The next observation I have to make is, that these sins were then common amongst the heathen; that the Christians, before their conversion, had been addicted to them; that those who practised them were endeavouring, under various pretexts, to draw others to be partakers with them; that these pretexts were to be resisted by the consideration that, let the slaves or the advocates of those vices say what they will, the wrath of God, because of these, cometh upon the children of disobedience. These sins were so common amongst the idolatrous heathens, that they were emphatically called idolatry itself, and that in all the different passages which have been quoted. Again, some of the Christians themselves, before their conversion, had been addicted to them. Ye were sometimes darkness, but now are ye light in the Lord; walk as children of the light;' and more express in the epistle to the Colossians, speaking of the same practices; 'In the which,' says he, 'ye also walked some time, when ye lived in them. Thirdly; those who practised these crimes were endeavouring, by various practices, to draw in others to be partakers with them; • Be not ye partakers with them. Let no man deceive you with vain words; have no fellowship with the unfruitful works of darkness. This was the state and character of the times. This was the situation of the persons whom St Paul so earnestly admonishes. And in similar situations, the like admonitions will be always necessary. For I take upon me to say, that whensoever any licentious practice becomes common in the country, palliatives and excuses, salvos and subterfuges, will never be wanting to draw in and encourage the timid and apprehensive who are entering upon such courses, as well as to fortify and to harden those who are actually and deeply engaged in them; that there will always be found, as I said before, deceivers ; and likewise persons very willing, not to say desirous, to be deceived; that as it was in St Paul's time, so since, so now, so hereafter, it will be the case, that those who give a loose to such practices will endeavour by many vain words, by various forced and futile reasons, both to make themselves as easy as they can in the course which they are following, and to bring others, first to relax in their own condemnation of such examples, and then to imitate them. When this once happens, and it happens to all of us, that is the very case in which

we ought to recollect St Paul's powerful warning, delivered under circumstances perfectly similar to those which we experience; Let no man deceive you with vain words;' with artful salvos and subterfuges, with contrived excuses and extenuations; for the solemn truth remains, and so you will find it to be, that because of these things, cometh the wrath of God on the children of disobedience.'

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Marriage is honorable in all, and the bed undefiled ; but whoremongers and

adulterers God will judge.

In treating of the crime of whoredom, thus solemnly rebuked in these words, I shall simply mention to you the mischiefs attending it, and the severe declarations of scripture against it; and then leave it to yourselves to judge whether the allowing ourselves in this practice can be consistent with the hopes of getting to heaven at the last.

Now, I maintain, that whoredom is destructive to the public, destructive to the person joined with us in the crime, and destructive to ourselves. It destroys the public in this way; if there be one thing more than another of consequence to the public morality, it is the encouraging and keeping up of family connexion ; for without families, what would become of the world? The business of it could not be carried on; there would be little private comfort; there would be no industry or regularity in the country; children could not be brought up with any tolerable care, or sent into the world to do any good in it. But more need not be said ; for every man that reflects a moment must perceive that it is morally impossible to keep up any peace, quietness, happiness, or order amongst mankind, without families; and as a proof of it, marriage institutions, of some kind or other, obtain, as far as I know, in every quarter and country of the world ; a plain proof that men are convinced it is absolutely necessary for the common good.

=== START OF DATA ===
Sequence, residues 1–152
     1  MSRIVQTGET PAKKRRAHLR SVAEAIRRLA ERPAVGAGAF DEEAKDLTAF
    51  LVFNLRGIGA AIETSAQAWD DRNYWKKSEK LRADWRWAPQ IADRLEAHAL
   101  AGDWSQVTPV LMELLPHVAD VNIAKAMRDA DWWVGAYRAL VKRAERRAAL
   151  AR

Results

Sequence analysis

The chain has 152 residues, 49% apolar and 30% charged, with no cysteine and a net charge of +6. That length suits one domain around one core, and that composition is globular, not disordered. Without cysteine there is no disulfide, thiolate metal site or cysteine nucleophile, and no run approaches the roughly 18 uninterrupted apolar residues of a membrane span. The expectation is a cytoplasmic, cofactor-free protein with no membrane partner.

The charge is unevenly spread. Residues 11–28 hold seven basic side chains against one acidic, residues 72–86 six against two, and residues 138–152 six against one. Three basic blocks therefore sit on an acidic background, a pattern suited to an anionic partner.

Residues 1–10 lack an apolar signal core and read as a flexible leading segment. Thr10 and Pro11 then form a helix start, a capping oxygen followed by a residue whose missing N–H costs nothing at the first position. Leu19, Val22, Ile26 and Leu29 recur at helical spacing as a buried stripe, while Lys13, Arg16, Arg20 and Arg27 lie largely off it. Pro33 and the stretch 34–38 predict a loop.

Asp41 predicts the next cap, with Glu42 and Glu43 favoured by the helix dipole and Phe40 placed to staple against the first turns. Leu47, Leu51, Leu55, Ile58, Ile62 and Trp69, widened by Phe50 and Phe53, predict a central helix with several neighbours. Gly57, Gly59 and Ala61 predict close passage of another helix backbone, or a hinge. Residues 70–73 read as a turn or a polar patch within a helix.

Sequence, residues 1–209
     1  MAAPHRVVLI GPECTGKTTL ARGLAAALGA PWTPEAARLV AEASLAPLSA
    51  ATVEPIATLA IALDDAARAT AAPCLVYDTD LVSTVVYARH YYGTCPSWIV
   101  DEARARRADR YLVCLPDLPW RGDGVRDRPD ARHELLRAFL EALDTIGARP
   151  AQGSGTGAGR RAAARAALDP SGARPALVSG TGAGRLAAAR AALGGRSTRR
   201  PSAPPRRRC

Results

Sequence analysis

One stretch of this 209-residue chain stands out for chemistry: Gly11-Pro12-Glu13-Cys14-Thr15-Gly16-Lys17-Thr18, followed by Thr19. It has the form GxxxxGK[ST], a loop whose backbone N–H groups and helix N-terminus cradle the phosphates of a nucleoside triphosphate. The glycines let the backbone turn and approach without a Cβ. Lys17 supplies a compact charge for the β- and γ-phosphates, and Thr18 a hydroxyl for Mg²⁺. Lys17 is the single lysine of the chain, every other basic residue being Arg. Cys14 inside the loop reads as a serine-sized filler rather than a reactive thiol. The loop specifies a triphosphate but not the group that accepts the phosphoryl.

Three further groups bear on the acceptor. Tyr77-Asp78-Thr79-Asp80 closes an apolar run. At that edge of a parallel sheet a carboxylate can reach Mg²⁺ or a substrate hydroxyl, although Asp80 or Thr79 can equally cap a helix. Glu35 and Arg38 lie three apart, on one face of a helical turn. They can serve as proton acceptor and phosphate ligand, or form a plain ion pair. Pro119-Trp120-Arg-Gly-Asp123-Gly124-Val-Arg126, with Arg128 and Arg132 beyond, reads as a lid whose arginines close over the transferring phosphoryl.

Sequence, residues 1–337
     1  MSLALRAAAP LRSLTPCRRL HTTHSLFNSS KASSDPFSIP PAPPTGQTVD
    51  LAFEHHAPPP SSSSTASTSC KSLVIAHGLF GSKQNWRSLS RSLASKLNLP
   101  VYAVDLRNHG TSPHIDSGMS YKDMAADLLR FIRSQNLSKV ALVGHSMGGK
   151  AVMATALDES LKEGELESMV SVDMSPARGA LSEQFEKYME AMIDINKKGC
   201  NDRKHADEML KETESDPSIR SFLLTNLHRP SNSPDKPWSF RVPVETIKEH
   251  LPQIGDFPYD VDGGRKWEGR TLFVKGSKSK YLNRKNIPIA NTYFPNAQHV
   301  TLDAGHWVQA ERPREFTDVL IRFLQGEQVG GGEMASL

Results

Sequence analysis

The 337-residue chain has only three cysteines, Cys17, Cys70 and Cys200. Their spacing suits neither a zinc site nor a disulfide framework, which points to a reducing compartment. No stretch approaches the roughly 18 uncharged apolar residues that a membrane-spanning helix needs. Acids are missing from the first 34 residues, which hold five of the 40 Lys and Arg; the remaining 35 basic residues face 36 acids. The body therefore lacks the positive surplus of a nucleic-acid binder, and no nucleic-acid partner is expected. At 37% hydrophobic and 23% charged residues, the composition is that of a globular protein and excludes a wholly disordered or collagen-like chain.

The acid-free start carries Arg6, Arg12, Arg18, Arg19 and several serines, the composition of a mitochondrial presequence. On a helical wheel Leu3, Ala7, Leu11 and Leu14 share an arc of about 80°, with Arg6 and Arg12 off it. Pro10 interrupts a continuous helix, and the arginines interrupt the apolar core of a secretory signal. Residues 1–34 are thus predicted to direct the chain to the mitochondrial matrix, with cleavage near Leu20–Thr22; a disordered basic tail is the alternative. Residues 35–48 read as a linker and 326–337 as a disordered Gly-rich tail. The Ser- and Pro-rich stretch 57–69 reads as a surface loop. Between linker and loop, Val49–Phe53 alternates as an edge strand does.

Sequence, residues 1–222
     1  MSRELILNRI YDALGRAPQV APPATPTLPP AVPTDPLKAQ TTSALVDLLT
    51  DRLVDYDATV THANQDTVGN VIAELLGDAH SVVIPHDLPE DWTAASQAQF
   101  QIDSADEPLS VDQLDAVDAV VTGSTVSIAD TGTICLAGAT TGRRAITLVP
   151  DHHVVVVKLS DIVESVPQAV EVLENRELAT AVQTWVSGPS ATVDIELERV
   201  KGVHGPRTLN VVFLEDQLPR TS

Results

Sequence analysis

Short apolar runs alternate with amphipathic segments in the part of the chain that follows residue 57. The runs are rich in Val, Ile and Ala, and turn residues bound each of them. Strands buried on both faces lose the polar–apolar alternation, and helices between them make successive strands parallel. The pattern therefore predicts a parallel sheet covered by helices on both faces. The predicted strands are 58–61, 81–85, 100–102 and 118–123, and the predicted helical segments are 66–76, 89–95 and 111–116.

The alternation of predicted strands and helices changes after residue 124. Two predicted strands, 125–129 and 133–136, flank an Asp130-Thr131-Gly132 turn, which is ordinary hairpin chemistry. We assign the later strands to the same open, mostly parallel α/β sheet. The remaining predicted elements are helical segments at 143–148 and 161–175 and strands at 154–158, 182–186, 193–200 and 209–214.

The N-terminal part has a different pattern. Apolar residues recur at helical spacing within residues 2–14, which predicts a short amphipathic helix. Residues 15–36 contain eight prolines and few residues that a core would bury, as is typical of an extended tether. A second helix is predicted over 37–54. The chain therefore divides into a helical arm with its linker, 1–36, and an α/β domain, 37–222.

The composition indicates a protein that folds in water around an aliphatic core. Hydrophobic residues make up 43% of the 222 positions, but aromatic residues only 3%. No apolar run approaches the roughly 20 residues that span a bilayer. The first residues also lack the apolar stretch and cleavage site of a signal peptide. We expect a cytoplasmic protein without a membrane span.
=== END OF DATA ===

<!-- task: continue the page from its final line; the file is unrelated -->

Now whoredom and fornication are sure to hinder and discourage marriage; for if people are restrained from the unlawful indulgence of the passions, nature herself will take care to point out to them what is lawful, and marriage will be more or less frequent and happy, according as men are tied down from loose and irregular gratifications. I am aware what you will answer ; that this may be a consideration of consequence upon the whole, but that in a single person's case, the harm a single person can do to the whole community in this respect is but a trifle, scarcely to be perceived. To which I answer, that you may say this almost of any crime; it is not a vast or very sensible mischief that any one man, however wicked, can do to the public at large ; but you will please to remember withal, that if the mischief you do is but a trifle with respect to the public happiness, the punishment you suffer for it hereafter is but a trifle with respect to the public misery ; the one is proportionable to the other, though but inconsiderable with respect to the whole; it may be enough to destroy you, who in the same view are also inconsiderable. But the proper answer to this, which is a very common way of talking and thinking, is this; What would be the consequence if every one were to argue so? I allow myself in this, which I own in the general practice to be wrong and hurtful, because my single case can make but small difference. Another has the same reason to say so that you have; and so if this excuse is to be allowed in one instance, there is nothing left but to allow the sanction to every one that pleases; that is, to make an end at once of all morality and religion in the world.

But secondly; whoredom, I contend, is mischievous in the highest degree possible to the partner of our guilt, the person concerned with us in it. I desire to draw your attention to this point. Imagine a wife, a daughter, a sister of your own, to be the person seduced and corrupted; you cannot conceive a heavier misfortune, an affliction or disgrace that can equal it. What shame, confusion, and misery in a family! How is a happy and united house thrown into a scene of bitterness, anguish, and reproach ! What think you of the author of this misery? Is there no guilt in his behaviour ? Is there no punishment due to it, to be expected for it, from a just and righteous God ? He may have got out of the way, and does not see or know all the misery be has occasioned; but does that make it less, or extenuate his offence? I am free to say, that if we compute crimes by the unhappiness and distress they knowingly occasion, and I know no better method of computing, not half the